• Du hast ungespeicherte Nachrichten. — You have unsaved messages.
  • Sie haben ungespeicherte Nachrichten. — You have unsaved messages.

Both occur, but often neither is used, because it’s usually possible to phrase a dialog or message in an impersonal way without becoming too distant, e.g. passive voice or man.

  • Name hat ungespeicherte Nachrichten. — Name has unsaved messages.
  • Ich habe ungespeicherte Nachrichten. — I have unsaved messages.
  • Es gibt ungespeicherte Nachrichten. — There are unsaved messages.
  • ## ungespeicherte Nachrichten — ## unsaved messages
  • ungespeicherte Nachrichten: ## — unsaved messages: ##
  • ## Nachrichten nicht gespeichert. — ## messages not saved.
  • ## Nachrichten noch nicht gespeichert. — ## messages not saved yet.
  • ## Nachrichten wurden noch nicht gespeichert. — ## messages have not been saved yet.
  • Sollen alle Nachrichten gespeichert werden? — Should all messages be saved?
  • Nachrichten speichern? — Save messages?
  • Alle Nachrichten sollen gespeichert werden! — All messages should be saved!
  • Alle Nachrichten speichern! — Save all messages!
  • Speichere alle Nachrichten! — Save all messages!

Some of the examples above turn the original informative statement into an actionable option, dialog or command. Which one of these is most appropriate, depends a lot on the situation and local user interface guidelines, which may apply to other languages as well. That would be more on topic elsewhere, though.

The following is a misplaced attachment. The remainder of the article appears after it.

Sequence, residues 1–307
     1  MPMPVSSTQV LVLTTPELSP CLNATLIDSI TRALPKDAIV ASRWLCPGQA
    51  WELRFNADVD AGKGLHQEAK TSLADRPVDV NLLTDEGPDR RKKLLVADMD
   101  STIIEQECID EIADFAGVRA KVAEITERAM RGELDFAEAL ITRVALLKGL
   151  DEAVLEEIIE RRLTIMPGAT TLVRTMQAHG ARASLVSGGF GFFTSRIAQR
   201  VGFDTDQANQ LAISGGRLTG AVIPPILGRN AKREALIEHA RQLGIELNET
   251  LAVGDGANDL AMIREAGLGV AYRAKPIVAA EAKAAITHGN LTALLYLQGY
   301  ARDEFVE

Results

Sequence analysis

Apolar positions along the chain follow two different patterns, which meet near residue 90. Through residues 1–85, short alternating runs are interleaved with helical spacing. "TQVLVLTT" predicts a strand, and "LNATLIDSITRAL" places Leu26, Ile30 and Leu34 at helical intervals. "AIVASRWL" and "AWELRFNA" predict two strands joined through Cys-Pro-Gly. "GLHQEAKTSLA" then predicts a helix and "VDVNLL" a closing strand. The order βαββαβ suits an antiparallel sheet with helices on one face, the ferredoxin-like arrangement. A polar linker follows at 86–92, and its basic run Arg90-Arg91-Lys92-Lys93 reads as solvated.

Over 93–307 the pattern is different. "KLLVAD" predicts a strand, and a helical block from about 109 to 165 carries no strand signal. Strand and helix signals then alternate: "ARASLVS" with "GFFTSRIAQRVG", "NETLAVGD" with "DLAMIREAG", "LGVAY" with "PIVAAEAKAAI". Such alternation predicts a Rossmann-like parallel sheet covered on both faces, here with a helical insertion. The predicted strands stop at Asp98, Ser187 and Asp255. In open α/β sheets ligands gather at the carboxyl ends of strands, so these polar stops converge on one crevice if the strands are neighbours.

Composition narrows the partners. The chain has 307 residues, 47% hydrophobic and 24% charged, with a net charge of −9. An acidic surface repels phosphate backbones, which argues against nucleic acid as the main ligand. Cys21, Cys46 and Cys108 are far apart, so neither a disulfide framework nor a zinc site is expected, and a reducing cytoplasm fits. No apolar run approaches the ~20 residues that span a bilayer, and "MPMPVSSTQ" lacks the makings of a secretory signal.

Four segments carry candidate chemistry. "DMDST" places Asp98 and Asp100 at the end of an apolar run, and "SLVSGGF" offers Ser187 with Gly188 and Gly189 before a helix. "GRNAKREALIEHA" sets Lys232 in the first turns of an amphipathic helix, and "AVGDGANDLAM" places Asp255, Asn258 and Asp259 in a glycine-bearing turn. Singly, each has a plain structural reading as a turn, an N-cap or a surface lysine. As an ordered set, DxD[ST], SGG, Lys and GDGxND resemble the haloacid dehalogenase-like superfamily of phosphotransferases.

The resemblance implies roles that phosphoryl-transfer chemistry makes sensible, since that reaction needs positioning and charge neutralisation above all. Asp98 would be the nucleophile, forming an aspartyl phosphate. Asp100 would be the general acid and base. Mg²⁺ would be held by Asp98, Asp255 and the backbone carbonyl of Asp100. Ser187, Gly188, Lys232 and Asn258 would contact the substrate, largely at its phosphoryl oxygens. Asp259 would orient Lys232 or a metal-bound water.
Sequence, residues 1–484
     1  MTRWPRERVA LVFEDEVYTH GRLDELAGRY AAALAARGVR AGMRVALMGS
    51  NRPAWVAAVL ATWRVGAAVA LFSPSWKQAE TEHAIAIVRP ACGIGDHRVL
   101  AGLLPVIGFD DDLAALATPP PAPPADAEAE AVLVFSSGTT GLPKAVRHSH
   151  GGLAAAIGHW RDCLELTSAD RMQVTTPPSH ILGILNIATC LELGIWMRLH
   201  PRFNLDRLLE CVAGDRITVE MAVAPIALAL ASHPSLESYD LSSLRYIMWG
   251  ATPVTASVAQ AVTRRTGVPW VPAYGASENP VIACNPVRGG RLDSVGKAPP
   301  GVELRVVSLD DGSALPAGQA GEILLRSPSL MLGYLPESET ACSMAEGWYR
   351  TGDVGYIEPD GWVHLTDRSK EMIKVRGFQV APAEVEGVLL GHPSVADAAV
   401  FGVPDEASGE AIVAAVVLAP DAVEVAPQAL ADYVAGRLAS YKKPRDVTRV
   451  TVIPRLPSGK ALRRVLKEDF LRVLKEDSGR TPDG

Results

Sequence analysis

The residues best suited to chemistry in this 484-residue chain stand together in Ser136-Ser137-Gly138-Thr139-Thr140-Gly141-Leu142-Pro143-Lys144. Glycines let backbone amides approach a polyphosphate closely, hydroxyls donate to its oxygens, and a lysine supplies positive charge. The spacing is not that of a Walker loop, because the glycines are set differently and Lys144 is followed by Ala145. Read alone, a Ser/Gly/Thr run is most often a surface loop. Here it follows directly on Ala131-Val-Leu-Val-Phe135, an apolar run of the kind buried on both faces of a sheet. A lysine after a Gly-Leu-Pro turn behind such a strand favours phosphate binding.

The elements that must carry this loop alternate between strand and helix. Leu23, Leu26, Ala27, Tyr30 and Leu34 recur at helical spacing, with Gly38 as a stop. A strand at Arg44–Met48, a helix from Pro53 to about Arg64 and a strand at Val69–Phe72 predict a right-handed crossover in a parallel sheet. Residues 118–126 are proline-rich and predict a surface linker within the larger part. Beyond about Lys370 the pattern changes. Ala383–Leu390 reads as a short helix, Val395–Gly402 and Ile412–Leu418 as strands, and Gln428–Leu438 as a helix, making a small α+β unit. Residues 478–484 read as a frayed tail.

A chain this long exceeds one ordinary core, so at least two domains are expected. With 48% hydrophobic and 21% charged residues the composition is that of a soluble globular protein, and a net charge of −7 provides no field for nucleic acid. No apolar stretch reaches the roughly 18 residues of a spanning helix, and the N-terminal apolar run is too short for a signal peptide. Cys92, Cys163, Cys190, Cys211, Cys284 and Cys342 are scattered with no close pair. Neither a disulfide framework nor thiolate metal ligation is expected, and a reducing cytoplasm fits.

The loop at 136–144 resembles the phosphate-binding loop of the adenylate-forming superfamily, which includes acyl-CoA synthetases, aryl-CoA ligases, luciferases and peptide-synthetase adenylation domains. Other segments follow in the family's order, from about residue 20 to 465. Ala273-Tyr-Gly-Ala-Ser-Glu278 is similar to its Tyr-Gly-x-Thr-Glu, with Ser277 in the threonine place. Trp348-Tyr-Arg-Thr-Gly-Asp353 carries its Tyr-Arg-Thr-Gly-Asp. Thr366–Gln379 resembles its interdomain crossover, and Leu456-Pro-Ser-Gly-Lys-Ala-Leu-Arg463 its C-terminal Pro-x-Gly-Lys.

Sometimes, e.g. in video games, the software has a persona and the user (or player) does, too. Their (simulated) social relationship determines the level of familiarity, respect and politeness, hence the appropriate pronoun. A lot of professional software nowadays does the tedious tasks a secretary or other underling would have done in earlier times, so the boss – even if low in human hierarchy – would probably expect respectful Sie. Other software may be seen more like a colleague, therefore could use friendly du.

1
source | link

  • Du hast ungespeicherte Nachrichten. — You have unsaved messages.
  • Sie haben ungespeicherte Nachrichten. — You have unsaved messages.

Both occur, but often neither is used, because it’s usually possible to phrase a dialog or message in an impersonal way without becoming too distant, e.g. passive voice or man.

  • Name hat ungespeicherte Nachrichten. — Name has unsaved messages.
  • Ich habe ungespeicherte Nachrichten. — I have unsaved messages.
  • Es gibt ungespeicherte Nachrichten. — There are unsaved messages.
  • ## ungespeicherte Nachrichten — ## unsaved messages
  • ungespeicherte Nachrichten: ## — unsaved messages: ##
  • ## Nachrichten nicht gespeichert. — ## messages not saved.
  • ## Nachrichten noch nicht gespeichert. — ## messages not saved yet.
  • ## Nachrichten wurden noch nicht gespeichert. — ## messages have not been saved yet.
  • Sollen alle Nachrichten gespeichert werden? — Should all messages be saved?
  • Nachrichten speichern? — Save messages?
  • Alle Nachrichten sollen gespeichert werden! — All messages should be saved!
  • Alle Nachrichten speichern! — Save all messages!
  • Speichere alle Nachrichten! — Save all messages!

Some of the examples above turn the original informative statement into an actionable option, dialog or command. Which one of these is most appropriate, depends a lot on the situation and local user interface guidelines, which may apply to other languages as well. That would be more on topic elsewhere, though.

Sometimes, e.g. in video games, the software has a persona and the user (or player) does, too. Their (simulated) social relationship determines the level of familiarity, respect and politeness, hence the appropriate pronoun.